What borscht means to Ukraine at this moment


The Financial Times’ recent piece (paywall) by American journalist Wendell Steavenson on the resurrection of Ukrainian food, heavily features borscht.

That’s at least partly because “Ukraine’s Jamie Oliver”, a chef called Ievgen Klopotenko, turned to borscht when he set out to overcome past culinary annihilation in his country. “Seventy-five years of the USSR changed our memories,” he is quoted to say. “I would ask people, tell me five Ukrainian dishes, and no one could. I was almost crying.” So, he decided to start  resurrecting borscht.

So far so good. The problem is that Mr Klopotenko is also quoted to say that people mostly mentioned “borscht and salo”, salted pork fat, in response to his question about Ukrainian dishes. Why then would he need to focus on borscht in order to, as the FT piece says, “resurrect Ukrainian food”.

Perhaps it’s because he wanted authenticity? Perhaps he was searching for the definitive recipe of the Ukrainian national dish, borscht? If so, he must have very quickly realised that borscht varies, not just by region but by individual cook. As the Financial Times says, “There’s a maxim that every Ukrainian’s favourite borscht is their mother’s or their grandmother’s.”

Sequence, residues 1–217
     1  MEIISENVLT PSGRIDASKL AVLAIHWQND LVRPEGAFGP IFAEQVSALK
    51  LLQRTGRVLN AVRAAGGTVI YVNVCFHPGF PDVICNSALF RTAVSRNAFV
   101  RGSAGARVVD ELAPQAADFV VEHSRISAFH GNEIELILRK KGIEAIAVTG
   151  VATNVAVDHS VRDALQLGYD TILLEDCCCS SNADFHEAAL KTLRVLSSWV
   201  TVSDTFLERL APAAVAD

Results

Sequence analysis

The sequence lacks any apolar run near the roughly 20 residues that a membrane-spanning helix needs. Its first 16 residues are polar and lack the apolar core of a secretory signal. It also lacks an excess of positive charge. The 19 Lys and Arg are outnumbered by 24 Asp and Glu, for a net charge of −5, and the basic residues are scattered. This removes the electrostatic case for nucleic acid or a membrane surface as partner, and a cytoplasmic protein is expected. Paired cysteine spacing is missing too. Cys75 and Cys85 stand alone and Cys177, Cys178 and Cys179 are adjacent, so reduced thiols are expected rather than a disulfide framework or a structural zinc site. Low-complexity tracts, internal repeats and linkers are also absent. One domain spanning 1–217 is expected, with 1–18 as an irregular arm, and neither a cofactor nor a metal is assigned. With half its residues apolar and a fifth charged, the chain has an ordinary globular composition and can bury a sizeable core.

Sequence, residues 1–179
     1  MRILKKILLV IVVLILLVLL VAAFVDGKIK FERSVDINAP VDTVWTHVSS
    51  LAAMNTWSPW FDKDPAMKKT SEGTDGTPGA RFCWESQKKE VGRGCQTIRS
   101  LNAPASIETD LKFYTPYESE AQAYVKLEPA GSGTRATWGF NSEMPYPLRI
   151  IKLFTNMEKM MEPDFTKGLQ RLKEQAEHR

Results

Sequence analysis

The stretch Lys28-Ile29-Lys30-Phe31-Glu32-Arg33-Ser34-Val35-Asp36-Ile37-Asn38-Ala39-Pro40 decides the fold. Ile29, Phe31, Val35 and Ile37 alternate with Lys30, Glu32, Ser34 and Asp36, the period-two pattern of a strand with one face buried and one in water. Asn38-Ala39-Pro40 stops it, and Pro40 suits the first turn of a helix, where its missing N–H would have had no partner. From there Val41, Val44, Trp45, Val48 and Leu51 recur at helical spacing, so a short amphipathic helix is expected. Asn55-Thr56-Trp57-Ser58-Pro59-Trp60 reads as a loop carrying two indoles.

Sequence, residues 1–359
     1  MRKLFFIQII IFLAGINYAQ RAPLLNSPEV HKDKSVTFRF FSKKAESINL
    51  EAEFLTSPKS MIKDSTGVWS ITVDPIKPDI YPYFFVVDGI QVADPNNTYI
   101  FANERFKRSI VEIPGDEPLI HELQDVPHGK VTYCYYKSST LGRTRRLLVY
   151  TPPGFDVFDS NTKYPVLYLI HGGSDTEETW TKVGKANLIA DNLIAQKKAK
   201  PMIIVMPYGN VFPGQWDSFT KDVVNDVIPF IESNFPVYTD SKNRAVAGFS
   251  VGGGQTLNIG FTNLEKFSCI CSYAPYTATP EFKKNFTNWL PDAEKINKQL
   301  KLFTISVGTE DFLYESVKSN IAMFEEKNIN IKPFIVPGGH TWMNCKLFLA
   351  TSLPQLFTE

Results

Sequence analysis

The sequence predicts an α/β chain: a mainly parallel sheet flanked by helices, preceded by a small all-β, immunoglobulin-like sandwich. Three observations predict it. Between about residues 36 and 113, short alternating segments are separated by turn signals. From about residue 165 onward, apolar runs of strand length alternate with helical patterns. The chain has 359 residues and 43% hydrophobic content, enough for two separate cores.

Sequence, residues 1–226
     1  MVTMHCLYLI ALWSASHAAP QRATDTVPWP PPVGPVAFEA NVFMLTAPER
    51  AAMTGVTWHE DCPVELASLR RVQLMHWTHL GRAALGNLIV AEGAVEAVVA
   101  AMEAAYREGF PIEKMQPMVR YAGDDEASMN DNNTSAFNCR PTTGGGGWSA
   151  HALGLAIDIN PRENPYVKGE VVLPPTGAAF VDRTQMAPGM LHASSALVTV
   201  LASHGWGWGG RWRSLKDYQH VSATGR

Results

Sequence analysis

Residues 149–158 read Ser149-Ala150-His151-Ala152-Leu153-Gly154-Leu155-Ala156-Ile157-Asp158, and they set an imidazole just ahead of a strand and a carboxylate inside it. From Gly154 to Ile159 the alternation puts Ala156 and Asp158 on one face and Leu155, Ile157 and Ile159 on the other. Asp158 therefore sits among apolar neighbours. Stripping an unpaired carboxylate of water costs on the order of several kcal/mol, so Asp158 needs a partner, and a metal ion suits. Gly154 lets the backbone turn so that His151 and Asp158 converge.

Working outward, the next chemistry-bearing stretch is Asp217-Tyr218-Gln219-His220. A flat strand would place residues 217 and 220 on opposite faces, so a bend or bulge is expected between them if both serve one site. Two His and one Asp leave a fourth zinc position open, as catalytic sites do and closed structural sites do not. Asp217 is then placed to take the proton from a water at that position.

Ms Steavenson, the journalist, is quite lyrical about her first borscht in war-hit Ukraine. It’s more than “a kind of beetroot soup”, she writes, being “thick, rich, complicated; sweet and sour and salty and tangy, bright with dill, creamy with a dollop of smetana, sour cream.” She adds, “it was more than a bowl of soup. It was an embrace.”

A borscht embrace can have many different strokes. Though it’s basically a stock (meat or vegetable) with beetroot (grated, cubed, pickled, fermented, juiced), it’s also allowed to add anything else you like. Not quite a soup and not quite a stew, as the piece says, borscht can be red with beetroot; green with sorrel or nettles, or yellow with sugar beet or rutabaga. In Lviv, borscht has stewed pears and prunes. In the Carpathian Mountains, it has cep mushroom and boar’s blood. In Soviet times, cheap sardines made fish stock for borscht. Odessa’s Jewish families make theirs with chicken stock; the Muslim Crimean Tartars use lamb and in some parts of southern Ukraine, borscht is made with tomatoes and peppers.

Unsurprisingly, Ukraine is passionate about the borscht battles. But these were running pretty hot even before the February 24 invasion by Russia. We’ll explore that next.

Others in this series: